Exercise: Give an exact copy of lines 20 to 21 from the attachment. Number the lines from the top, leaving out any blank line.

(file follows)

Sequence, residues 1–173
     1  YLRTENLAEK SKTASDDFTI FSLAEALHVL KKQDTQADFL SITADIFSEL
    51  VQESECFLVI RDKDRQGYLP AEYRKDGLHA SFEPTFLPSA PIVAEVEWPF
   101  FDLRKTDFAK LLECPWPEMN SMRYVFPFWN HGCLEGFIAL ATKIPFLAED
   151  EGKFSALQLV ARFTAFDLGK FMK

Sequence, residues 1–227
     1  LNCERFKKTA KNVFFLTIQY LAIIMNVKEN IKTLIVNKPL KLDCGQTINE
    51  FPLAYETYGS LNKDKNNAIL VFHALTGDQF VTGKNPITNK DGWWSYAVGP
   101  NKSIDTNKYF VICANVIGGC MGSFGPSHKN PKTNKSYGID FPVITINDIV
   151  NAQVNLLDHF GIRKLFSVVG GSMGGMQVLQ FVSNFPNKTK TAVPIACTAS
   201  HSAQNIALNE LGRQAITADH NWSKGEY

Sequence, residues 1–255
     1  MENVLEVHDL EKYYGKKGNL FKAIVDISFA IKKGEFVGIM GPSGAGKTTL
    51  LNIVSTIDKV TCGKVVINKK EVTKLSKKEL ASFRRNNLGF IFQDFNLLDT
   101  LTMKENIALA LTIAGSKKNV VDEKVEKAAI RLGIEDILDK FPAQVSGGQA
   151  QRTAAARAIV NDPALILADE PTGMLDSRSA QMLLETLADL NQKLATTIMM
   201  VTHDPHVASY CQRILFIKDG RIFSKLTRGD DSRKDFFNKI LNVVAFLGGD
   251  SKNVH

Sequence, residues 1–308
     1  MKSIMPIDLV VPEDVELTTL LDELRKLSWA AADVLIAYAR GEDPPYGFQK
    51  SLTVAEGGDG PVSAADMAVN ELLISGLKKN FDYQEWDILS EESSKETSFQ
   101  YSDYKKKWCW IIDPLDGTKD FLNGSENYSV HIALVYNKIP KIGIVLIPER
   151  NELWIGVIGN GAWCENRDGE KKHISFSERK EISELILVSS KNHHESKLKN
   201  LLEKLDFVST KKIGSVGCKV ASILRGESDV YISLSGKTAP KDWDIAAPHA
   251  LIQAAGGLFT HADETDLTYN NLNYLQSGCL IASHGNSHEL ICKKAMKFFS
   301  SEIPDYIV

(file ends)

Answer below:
     1  MKSIMPIDLV VPEDVELTTL LDELRKLSWA AADVLIAYAR GEDPPYGFQK
    51  SLTVAEGGDG PVSAADMAVN ELLISGLKKN FDYQEWDILS EESSKETSFQ